If you are a prospective IVHQ volunteer or are currently in the bouts of volunteering for a summer in Romania, no doubt you will come across the phrase “summer residential camp.” Without question, it is an opportunity for volunteers that have a specific interest in childcare and English education to place that passion to a beneficial context. I, myself, was not enrolled in this placement, but watched as my fellow accommodation mates said their temporary good-byes and embarked for week-long stays at camp accommodations. There they would immerse themselves in the needs of foster children and their interests. I only know this because I was invited to visit for a day amidst my transition to another volunteer placement.
It was July 6, 2017– a Thursday– when I arrived to the camp accommodation. It was a large multi-storied house placed in the middle of spacious, rural fanfare. Open sky was not hard to find and it all seemed entirely sheltered from the urban-ness of the Csikszereda/Miercurea Cuic city center. I had been jostled a bit by the drive, not uncommon here in Romania, and I was eager to get out for some fresh air. Upon arriving, I was greeted by Jackie who would give the breakdown on who I should talk to, and what I should be keeping my eye out for. I had previously expressed that I wished to put my writing skills to good use, and it is my hope in the future to explore the world of investigative journalism. I was privately elated that I would be introduced as the “reporter” for a day. I even had my own camera around my neck to seal the deal.
“He asked if you are a boy or a girl,” Jackie translated.
We were sitting on some side steps to conceal our conversation as to not distract the children from their activities. Seeing a black person in the flesh (apart from music videos) in these parts of Europe is quite an anomaly. It didn’t take long for us to be found out. The dark color spectrum of my outfit and the shrunken nature of my hair underneath my newsboy cap apparently gave me a rather boyish appearance.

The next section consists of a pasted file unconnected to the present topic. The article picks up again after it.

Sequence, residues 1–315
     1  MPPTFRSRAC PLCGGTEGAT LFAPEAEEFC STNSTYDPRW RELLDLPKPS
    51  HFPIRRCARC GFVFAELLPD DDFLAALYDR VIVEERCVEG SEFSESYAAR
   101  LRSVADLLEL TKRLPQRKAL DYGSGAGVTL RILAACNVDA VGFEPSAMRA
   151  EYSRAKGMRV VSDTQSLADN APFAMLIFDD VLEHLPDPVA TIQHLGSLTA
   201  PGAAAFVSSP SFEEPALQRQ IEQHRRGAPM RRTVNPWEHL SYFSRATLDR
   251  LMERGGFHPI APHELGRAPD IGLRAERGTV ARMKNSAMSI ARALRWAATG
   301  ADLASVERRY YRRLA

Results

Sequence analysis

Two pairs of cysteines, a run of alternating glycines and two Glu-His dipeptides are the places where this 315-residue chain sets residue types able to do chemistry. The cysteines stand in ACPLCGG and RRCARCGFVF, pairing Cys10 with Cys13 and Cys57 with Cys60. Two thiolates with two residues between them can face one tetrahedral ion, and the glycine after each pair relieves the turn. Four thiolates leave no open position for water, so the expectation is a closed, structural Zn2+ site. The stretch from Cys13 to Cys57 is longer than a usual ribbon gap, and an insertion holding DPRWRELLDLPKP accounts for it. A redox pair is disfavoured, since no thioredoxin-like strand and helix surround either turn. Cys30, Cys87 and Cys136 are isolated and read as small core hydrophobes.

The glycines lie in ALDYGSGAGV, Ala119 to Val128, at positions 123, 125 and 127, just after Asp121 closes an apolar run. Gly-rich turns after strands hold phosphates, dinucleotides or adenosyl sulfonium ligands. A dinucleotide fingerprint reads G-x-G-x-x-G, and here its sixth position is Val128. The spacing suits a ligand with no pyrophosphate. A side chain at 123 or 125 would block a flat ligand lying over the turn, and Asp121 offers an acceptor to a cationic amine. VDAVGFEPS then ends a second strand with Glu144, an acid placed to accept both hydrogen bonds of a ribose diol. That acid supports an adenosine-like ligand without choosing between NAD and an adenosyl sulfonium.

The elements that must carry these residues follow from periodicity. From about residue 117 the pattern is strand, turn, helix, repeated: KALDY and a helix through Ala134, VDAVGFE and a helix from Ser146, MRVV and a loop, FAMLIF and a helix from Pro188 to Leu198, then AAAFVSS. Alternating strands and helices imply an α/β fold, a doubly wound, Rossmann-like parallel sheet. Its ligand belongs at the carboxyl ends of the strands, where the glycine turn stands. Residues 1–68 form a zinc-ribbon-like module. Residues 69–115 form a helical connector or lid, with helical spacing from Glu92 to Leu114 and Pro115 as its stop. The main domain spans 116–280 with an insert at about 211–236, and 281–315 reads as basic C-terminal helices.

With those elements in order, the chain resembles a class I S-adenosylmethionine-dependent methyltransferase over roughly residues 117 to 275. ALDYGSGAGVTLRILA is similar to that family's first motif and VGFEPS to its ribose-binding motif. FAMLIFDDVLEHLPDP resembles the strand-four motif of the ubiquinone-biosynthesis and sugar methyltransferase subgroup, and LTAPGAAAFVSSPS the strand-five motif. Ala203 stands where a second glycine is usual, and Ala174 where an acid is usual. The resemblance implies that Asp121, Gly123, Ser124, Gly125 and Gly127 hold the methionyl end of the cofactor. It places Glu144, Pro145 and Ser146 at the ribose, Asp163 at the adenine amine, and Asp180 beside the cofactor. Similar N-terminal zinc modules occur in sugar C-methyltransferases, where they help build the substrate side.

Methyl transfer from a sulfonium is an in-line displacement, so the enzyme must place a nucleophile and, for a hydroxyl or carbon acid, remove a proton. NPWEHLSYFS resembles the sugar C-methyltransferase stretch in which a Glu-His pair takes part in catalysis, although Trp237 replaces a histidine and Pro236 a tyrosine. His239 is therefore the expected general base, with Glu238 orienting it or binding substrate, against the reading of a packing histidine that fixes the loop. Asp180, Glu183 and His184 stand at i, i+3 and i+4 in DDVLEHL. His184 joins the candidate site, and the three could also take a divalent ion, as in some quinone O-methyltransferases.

I turned playfully coy, dipping my chin inward and said, “That’s a good question, may I ask a you a question? I’m also curious, are you a boy or a girl? I’m not sure either.” Once translated my comment evoked a bashful laugh and a rapid defense. The kids were blunt. They were shameless, which can be fascinating and overwhelming at the same time. Point being, its necessary not to wear your defensiveness on your sleeve. Feelings are more than welcome.
Jackie had given me a list of kids with personalities worth exploring. I sat with her jotting away in my flimsy notebook, slowly putting together a general picture of the children and their lives thus far. Behind the smiles, the flurry of energy burst, and unashamed curiosity were kids that were participants of foster care institutions. Jackie admitted that sometimes the topic of their personal lives was avoided to prevent compromising their privacy as well as the pleasantry of their stay at the camp. I understood this caution, but I also wanted to get deeper than asking the monotonous questions of whether they liked the camp experience or if they liked learning English.
Once our conversation had finished, Jackie had given me a page worth of names. I commenced my search and was immediately flown into the rapid currents of children and chatter. With the assistance of a young woman named Anita as a translator, I could cherry pick of few kids out of the crowd that didn’t mind talking to a stranger for a little while outside on a cloudy day.